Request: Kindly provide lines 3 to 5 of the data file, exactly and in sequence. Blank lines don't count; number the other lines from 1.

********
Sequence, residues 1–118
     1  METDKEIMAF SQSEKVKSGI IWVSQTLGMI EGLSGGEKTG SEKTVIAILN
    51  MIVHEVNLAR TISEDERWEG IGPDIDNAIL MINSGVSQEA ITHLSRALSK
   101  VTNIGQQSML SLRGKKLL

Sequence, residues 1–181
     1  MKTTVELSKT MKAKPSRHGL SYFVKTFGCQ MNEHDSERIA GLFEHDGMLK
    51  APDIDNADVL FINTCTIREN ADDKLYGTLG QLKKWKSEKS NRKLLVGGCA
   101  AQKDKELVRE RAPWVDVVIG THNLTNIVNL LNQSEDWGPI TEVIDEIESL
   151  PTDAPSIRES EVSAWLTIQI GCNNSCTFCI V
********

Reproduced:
    51  MIVHEVNLAR TISEDERWEG IGPDIDNAIL MINSGVSQEA ITHLSRALSK
   101  VTNIGQQSML SLRGKKLL

Sequence, residues 1–181